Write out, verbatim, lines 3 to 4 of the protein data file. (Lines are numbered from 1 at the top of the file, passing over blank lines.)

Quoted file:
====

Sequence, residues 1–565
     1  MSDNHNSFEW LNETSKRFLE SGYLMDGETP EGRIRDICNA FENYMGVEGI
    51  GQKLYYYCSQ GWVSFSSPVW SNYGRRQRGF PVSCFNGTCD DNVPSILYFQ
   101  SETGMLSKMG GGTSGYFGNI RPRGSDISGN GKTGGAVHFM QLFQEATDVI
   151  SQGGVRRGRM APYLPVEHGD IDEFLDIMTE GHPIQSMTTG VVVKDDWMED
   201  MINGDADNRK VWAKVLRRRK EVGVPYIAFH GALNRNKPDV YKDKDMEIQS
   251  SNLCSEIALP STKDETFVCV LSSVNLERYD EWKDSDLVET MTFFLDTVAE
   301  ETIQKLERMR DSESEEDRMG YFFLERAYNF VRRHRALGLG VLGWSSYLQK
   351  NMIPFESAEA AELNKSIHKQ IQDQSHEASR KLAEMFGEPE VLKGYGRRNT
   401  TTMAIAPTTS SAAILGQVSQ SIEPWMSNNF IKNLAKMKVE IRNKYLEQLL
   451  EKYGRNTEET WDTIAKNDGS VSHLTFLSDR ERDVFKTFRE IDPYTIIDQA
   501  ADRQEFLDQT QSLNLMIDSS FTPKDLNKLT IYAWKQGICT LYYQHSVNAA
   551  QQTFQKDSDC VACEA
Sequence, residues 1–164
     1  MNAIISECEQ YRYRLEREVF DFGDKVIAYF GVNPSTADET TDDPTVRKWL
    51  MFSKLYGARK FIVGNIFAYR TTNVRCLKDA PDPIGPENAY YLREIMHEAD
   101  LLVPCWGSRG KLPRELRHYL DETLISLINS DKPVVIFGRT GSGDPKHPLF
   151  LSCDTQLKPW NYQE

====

    51  GQKLYYYCSQ GWVSFSSPVW SNYGRRQRGF PVSCFNGTCD DNVPSILYFQ
   101  SETGMLSKMG GGTSGYFGNI RPRGSDISGN GKTGGAVHFM QLFQEATDVI